NATIONAL NEWS (CNN) — It's already killed scores of people in a massive tornado that devastated the town of Moore, Oklahoma. And it's not over yet.
The storm system behind Monday's twister and several on Sunday is threatening a large swath of the United States on Tuesday, putting 53 million people at risk of severe weather.
"We could have a Round 3," CNN Meteorologist Ivan Cabrera said. "Hopefully, it won't be as bad."
Tornadoes could strike the Plains, but likely not in devastated Moore, Oklahoma, where the threat of severe weather has diminished.
In the bull's-eye Tuesday are parts of north-central Texas, southeastern Oklahoma, and northern Arkansas and Louisiana, according to the National Weather Service.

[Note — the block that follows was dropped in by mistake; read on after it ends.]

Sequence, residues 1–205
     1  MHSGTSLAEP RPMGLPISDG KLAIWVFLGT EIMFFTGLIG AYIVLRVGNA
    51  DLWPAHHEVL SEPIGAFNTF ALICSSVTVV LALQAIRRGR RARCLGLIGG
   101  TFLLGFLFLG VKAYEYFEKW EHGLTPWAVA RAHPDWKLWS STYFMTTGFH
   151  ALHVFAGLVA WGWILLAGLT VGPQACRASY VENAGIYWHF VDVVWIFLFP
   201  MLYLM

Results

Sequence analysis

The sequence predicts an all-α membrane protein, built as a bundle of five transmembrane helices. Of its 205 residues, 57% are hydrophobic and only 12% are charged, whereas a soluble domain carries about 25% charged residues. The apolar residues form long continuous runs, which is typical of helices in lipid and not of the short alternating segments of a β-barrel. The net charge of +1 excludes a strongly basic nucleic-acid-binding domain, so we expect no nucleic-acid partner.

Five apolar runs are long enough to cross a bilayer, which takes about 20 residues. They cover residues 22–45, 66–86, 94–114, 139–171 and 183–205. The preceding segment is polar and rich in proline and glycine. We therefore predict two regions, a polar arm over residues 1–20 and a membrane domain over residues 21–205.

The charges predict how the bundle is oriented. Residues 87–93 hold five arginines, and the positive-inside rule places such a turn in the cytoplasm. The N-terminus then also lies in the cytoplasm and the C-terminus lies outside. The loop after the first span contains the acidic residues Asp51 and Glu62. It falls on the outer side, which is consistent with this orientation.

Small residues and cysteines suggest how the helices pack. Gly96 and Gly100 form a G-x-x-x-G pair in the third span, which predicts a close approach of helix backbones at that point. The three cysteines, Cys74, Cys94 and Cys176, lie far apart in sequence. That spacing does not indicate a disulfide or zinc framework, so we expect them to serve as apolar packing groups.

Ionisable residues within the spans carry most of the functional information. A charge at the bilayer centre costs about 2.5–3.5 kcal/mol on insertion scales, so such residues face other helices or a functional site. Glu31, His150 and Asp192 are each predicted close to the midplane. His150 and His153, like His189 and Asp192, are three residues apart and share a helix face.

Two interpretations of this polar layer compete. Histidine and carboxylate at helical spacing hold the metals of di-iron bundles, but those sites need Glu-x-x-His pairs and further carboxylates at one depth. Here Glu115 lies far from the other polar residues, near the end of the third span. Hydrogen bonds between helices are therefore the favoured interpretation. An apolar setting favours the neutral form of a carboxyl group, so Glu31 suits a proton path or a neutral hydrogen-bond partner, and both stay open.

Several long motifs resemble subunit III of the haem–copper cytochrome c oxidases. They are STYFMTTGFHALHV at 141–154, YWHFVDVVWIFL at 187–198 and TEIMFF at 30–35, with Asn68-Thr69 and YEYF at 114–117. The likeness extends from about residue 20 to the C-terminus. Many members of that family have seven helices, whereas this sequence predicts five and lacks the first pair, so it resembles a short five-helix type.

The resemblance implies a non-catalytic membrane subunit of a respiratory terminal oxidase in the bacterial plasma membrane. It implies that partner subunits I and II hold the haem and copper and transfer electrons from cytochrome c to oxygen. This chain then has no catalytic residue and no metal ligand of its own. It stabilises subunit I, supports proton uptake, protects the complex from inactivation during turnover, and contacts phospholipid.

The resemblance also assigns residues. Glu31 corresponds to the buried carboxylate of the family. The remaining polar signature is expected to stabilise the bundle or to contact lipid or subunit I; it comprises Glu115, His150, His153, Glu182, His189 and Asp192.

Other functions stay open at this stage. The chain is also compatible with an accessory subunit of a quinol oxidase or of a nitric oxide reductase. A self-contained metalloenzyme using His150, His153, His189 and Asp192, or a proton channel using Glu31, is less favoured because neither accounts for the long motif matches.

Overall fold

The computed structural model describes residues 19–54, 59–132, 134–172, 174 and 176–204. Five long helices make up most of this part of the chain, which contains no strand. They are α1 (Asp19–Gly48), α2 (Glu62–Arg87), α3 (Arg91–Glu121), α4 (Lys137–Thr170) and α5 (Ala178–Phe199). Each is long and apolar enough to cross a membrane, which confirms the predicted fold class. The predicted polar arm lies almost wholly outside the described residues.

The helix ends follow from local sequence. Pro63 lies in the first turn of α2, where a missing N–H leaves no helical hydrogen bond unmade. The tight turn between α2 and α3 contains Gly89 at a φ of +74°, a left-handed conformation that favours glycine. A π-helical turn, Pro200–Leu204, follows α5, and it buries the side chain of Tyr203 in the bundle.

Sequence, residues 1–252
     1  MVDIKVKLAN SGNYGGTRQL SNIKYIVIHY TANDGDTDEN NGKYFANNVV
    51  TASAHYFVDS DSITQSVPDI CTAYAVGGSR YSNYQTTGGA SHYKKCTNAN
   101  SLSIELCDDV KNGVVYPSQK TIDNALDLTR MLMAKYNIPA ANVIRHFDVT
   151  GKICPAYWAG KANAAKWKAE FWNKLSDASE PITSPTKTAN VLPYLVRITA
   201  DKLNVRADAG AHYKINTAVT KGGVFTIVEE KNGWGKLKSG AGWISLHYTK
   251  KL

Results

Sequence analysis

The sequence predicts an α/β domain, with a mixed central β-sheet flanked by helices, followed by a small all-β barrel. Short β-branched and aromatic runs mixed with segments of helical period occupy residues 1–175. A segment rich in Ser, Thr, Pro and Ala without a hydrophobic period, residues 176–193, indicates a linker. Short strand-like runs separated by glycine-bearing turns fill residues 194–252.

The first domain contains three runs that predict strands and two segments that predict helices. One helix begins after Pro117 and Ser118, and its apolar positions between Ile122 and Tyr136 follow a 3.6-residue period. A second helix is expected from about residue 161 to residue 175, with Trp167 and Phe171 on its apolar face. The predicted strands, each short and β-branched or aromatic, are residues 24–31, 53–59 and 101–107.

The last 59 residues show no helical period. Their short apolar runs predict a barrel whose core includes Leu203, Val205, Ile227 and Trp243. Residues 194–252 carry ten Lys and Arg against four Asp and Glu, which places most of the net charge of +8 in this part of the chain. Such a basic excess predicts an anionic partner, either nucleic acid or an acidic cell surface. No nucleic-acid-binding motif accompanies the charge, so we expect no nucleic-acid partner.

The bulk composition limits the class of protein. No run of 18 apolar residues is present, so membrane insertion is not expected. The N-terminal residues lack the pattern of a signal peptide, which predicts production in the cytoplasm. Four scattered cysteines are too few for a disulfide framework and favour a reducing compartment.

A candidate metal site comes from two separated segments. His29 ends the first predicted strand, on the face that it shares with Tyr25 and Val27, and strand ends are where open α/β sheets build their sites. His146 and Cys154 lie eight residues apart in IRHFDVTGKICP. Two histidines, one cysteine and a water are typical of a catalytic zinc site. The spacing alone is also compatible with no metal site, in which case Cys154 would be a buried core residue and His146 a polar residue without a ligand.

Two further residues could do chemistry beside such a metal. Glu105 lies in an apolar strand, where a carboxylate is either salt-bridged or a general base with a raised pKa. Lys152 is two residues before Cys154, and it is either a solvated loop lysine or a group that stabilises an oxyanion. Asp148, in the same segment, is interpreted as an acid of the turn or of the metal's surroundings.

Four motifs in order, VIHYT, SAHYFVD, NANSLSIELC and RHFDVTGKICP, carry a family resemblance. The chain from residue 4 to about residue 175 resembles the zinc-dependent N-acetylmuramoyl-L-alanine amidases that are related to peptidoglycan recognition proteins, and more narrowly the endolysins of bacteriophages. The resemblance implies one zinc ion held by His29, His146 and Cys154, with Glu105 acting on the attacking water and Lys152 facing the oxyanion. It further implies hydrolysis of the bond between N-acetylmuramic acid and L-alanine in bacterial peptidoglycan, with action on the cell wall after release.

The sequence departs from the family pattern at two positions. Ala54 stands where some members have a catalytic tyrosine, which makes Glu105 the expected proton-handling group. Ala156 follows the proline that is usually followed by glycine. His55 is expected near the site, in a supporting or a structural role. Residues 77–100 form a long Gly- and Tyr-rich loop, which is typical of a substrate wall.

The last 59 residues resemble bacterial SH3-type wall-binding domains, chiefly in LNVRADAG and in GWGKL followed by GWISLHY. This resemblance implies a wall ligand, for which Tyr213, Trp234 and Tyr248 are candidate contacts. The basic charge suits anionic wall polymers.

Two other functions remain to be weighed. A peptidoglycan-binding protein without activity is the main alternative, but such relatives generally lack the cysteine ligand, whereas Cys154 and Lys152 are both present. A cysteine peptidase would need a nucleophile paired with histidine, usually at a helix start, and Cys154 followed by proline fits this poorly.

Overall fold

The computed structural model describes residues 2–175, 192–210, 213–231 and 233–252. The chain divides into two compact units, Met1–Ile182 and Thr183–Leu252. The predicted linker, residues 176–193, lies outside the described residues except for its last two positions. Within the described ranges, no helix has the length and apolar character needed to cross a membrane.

The area includes Dallas-Fort Worth, Waco, San Antonio, and parts of Shreveport, says HLN Meteorologist Bob Van Dillen. There may be "big tornadoes," he said.
About 9 million people live in the region, says CNN Meteorologist Dave Hennen.
"Storms will develop around the early afternoon, and then we may see supercells develop a few hours later. The primary tornado threat will be from mid-afternoon to late evening hours in that region," Van Dillen says.
The Oklahoma City area, including Moore, could continue to face storms during the morning due to a strong cold front positioned through the state and a strong low-level jet stream "plowing into it from the south," Van Dillen said. "This activity will edge eastward through the day."
The National Weather Service reports a slight risk of severe weather from Texas all the way up through the Great Lakes. Hennen says that puts another 44 million people under threat of some kind of severe weather.